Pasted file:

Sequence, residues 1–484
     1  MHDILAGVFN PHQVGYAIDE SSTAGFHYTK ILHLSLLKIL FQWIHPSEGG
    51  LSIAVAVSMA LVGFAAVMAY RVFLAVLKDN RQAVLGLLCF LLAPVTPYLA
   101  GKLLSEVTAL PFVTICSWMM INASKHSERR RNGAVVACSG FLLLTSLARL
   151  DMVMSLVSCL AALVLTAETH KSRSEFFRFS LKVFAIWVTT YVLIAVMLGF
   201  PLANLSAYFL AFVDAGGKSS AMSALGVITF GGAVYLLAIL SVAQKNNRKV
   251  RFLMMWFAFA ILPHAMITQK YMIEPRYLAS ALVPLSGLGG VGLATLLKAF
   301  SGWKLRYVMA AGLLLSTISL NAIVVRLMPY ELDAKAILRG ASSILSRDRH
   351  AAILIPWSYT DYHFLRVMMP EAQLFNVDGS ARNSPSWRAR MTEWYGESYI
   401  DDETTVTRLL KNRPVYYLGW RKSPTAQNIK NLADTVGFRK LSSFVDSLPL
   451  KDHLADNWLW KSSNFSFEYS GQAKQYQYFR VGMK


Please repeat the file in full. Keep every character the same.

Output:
Sequence, residues 1–484
     1  MHDILAGVFN PHQVGYAIDE SSTAGFHYTK ILHLSLLKIL FQWIHPSEGG
    51  LSIAVAVSMA LVGFAAVMAY RVFLAVLKDN RQAVLGLLCF LLAPVTPYLA
   101  GKLLSEVTAL PFVTICSWMM INASKHSERR RNGAVVACSG FLLLTSLARL
   151  DMVMSLVSCL AALVLTAETH KSRSEFFRFS LKVFAIWVTT YVLIAVMLGF
   201  PLANLSAYFL AFVDAGGKSS AMSALGVITF GGAVYLLAIL SVAQKNNRKV
   251  RFLMMWFAFA ILPHAMITQK YMIEPRYLAS ALVPLSGLGG VGLATLLKAF
   301  SGWKLRYVMA AGLLLSTISL NAIVVRLMPY ELDAKAILRG ASSILSRDRH
   351  AAILIPWSYT DYHFLRVMMP EAQLFNVDGS ARNSPSWRAR MTEWYGESYI
   401  DDETTVTRLL KNRPVYYLGW RKSPTAQNIK NLADTVGFRK LSSFVDSLPL
   451  KDHLADNWLW KSSNFSFEYS GQAKQYQYFR VGMK